We recently won a victory in the case of CARROCA v. ALL STAR ENTERPRISES AND COLLISION CENTER, Inc. Carroca, an auto body repairman, worked overtime hours during the course of his employment with the defendant, All Star Enterprises and Collision Center, Inc. (“All Star”) in Salem, Massachusetts. All Star did not pay Carroca overtime and instead relied on an exemption under 29 U.S.C. § 207(10)(A) which provides:

The [maximum hours] provisions of section 207 of this title shall not apply with respect to— . . .
(10)(A) any salesman, partsman, or mechanic primarily engaged in selling or servicing automobiles, trucks, or farm implements, if he is employed by a nonmanufacturing establishment primarily engaged in the business of selling such vehicles or implements to ultimate purchasers.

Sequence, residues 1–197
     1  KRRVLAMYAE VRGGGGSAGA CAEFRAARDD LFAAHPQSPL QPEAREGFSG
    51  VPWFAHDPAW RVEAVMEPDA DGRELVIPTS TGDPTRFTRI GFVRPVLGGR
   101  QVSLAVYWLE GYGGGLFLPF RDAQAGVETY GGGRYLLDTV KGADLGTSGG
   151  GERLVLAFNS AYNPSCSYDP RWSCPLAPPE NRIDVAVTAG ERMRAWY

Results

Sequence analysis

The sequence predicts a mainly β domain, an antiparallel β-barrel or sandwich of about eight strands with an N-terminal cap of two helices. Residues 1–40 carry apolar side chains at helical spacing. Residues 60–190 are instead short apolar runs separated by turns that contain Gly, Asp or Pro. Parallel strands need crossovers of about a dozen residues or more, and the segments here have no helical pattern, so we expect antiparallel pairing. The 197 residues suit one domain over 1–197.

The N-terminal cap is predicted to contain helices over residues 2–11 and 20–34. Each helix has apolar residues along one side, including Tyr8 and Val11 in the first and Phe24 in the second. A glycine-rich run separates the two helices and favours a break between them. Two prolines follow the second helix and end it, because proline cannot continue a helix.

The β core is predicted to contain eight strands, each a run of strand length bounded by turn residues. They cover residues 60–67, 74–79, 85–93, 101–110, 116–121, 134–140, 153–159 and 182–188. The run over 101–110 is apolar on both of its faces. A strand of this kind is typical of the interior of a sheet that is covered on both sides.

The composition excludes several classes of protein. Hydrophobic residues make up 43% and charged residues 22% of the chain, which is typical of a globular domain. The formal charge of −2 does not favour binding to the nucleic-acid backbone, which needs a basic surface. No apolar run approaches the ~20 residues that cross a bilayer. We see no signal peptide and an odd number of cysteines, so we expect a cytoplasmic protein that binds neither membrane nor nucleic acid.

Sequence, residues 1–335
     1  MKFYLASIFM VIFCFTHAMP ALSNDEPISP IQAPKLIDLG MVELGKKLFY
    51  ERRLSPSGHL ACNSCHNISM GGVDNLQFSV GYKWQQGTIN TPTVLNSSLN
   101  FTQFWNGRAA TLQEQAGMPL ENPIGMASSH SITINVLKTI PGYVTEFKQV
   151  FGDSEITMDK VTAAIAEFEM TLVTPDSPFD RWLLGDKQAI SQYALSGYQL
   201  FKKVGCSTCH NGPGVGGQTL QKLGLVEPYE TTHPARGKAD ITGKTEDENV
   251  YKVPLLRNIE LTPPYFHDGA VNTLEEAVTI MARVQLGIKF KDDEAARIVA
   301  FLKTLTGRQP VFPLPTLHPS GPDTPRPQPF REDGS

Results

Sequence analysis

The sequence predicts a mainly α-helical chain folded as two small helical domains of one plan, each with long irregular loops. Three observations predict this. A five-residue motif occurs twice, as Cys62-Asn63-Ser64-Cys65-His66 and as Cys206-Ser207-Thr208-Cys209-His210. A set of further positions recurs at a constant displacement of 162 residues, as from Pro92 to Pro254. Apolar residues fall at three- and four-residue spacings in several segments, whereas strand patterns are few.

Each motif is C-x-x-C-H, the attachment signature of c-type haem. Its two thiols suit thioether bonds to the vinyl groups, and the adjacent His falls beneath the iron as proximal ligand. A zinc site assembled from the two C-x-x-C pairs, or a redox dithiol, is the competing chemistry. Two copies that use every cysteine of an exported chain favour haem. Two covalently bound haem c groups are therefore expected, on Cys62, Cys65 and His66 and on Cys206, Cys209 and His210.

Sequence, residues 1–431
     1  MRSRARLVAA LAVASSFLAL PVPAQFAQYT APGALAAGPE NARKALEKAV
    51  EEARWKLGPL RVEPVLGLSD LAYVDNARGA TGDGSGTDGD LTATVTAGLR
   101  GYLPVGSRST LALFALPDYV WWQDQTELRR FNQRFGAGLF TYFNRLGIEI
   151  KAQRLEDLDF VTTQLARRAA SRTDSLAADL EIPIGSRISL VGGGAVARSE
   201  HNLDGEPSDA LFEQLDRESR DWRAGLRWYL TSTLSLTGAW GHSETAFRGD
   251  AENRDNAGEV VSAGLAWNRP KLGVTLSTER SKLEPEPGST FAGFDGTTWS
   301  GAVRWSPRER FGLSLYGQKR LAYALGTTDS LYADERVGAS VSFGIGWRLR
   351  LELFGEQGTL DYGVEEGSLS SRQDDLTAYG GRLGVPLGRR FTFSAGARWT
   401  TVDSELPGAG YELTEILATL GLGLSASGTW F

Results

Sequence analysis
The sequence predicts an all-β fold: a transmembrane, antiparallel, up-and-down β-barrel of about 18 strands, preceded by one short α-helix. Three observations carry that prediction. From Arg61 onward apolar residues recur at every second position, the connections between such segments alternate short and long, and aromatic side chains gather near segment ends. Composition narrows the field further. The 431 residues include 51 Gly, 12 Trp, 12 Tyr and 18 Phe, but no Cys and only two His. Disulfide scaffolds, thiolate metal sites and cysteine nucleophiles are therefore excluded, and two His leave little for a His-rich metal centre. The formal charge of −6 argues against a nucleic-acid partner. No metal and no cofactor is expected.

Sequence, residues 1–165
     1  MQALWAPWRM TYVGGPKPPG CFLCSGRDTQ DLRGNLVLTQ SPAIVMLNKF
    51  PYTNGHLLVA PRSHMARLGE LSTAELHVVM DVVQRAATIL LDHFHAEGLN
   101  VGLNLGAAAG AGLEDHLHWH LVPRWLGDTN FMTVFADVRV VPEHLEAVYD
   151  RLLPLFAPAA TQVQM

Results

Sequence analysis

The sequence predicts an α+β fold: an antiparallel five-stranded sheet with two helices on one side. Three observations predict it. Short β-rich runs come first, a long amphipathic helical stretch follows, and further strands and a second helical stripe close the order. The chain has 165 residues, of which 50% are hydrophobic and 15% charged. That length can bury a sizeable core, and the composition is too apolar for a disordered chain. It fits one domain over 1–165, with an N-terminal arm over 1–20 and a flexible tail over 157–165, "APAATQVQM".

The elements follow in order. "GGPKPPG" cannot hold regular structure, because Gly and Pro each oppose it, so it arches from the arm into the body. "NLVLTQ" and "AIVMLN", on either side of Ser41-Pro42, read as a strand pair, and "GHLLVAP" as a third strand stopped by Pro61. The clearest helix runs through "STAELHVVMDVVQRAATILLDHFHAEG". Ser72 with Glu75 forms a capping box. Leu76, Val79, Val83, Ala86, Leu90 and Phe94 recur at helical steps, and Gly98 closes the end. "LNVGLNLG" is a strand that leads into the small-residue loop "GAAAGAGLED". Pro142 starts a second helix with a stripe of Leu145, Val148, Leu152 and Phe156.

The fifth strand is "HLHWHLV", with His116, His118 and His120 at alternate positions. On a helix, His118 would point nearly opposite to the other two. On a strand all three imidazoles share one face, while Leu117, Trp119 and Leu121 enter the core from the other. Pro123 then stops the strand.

In other words, mechanics who work for car dealerships are exempt from overtime under federal law. However, we were able to learn during the course of discovery that 90 percent of the defendants’ sales came from auto body work and not car sales. In order to be considered a car dealership under the statute, more than 50 percent of sales must come from vehicle sales. See 29 CFR 779.372 (“As applied to the establishment, primarily engaged means that over half of the establishments annual dollar volume of sales made or business done must come from sales of the enumerated vehicles.”)

After moving for summary judgment, the Court ruled in our favor and awarded the plaintiff treble damages and attorneys’ fees (application pending).

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